Journal of Human Sport and Exercise

Visual exploratory activity and resultant behavioural analysis of youth midfield soccer players

David Eldridge, Craig Pulling, Matthew Robins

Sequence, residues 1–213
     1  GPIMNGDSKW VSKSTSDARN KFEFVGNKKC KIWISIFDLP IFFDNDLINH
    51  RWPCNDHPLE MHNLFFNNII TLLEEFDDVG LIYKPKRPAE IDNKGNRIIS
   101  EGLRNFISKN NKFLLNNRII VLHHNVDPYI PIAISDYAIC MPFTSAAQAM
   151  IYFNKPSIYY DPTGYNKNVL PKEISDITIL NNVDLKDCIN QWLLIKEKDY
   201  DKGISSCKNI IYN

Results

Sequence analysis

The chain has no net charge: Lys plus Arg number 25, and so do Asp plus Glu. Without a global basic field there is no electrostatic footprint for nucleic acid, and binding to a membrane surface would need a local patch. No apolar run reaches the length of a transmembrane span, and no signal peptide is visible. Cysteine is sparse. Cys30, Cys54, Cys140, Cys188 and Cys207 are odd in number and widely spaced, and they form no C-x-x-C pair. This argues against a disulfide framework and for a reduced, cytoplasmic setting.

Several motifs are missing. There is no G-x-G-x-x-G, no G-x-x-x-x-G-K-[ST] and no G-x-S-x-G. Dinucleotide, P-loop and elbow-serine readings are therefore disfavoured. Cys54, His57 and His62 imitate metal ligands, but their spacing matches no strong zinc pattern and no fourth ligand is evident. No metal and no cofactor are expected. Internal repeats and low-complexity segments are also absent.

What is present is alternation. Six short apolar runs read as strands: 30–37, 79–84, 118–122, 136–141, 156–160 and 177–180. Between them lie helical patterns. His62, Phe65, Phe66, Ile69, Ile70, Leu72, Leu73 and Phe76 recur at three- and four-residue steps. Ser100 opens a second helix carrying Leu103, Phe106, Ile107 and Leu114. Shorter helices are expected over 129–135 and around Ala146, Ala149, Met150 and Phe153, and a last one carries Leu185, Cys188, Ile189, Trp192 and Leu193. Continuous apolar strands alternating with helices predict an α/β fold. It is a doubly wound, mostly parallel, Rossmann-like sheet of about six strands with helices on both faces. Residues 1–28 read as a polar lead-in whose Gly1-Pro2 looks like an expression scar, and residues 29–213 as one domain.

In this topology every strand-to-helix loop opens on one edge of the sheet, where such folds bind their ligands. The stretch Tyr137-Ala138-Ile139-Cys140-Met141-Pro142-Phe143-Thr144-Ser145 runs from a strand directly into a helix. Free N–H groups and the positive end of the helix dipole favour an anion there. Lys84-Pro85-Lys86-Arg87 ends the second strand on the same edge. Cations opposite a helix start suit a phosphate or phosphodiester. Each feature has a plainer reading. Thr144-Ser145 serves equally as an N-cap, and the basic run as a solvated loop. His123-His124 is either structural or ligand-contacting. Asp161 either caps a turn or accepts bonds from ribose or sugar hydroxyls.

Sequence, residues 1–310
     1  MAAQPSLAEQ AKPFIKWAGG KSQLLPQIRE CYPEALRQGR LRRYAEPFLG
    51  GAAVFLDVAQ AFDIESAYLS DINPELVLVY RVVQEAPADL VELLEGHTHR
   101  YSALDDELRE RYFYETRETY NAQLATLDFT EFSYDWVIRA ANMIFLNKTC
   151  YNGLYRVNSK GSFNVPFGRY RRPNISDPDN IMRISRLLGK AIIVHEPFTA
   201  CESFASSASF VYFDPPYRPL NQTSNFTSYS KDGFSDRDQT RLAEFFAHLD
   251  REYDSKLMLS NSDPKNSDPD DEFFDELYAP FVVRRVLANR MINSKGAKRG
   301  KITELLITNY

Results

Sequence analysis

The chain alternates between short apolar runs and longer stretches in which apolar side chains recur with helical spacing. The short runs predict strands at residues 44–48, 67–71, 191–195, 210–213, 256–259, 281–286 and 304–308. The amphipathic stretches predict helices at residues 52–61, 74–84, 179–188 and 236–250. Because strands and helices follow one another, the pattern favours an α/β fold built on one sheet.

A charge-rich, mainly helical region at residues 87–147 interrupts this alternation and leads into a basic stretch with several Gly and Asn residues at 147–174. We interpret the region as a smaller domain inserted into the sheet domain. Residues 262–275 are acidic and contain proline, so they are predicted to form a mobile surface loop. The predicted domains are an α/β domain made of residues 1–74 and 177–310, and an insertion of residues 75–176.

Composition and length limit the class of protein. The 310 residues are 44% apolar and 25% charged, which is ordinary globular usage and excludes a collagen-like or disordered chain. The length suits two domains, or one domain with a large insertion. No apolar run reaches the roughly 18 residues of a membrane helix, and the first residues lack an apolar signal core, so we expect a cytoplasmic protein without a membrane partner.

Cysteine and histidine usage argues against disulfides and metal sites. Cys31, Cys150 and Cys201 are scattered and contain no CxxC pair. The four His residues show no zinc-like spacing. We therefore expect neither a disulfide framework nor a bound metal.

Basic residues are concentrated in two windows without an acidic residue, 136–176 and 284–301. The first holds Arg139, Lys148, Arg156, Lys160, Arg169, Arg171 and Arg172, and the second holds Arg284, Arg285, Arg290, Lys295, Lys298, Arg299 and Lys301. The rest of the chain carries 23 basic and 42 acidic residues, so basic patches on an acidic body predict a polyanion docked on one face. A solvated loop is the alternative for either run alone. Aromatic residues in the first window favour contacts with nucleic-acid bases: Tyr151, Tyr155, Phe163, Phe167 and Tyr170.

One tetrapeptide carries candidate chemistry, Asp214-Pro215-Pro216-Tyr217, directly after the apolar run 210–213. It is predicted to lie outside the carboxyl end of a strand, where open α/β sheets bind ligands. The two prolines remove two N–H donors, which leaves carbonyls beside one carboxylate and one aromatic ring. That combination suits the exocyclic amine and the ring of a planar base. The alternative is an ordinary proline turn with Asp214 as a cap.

The purpose of this study was to examine the effects of visual exploratory activity, prior to receiving the ball in the middle third of the pitch, on the actions of youth midfield soccer players. The visual exploratory activity of three youth central midfield players was examined using a player cam approach, which in turn, was related to each player’s actions, after receiving the ball, through the use of a wide angle perspective. SportsCode Elite software was used to analyse all player actions post-event. Players participated in five training games, each 20 minutes in duration. The player’s actions were divided into five themes: (1) maintaining possession, (2) loss of possession, (3) field location of maintained possessions (4) defensive pressure, and, (5) turning. Associations between visual exploratory activity and each of the resultant behavioural themes were examined using a chi-squared test (p<0.05). The findings of the study revealed that the players performed more forward passes, executed more passes into the attacking half, performed more turns when opportunities arose, and experienced less defensive pressure when performing visual exploratory activity prior to receiving the ball (p<0.01). There is evidence to suggest that coaches should encourage players to perform visual exploratory activity prior to receiving possession of the football. Moreover, coaches should be acutely aware that visual exploratory activity can influence the technical and tactical aspects of performance, and, consequently, this aspect should be considered an important facet to aid player development.




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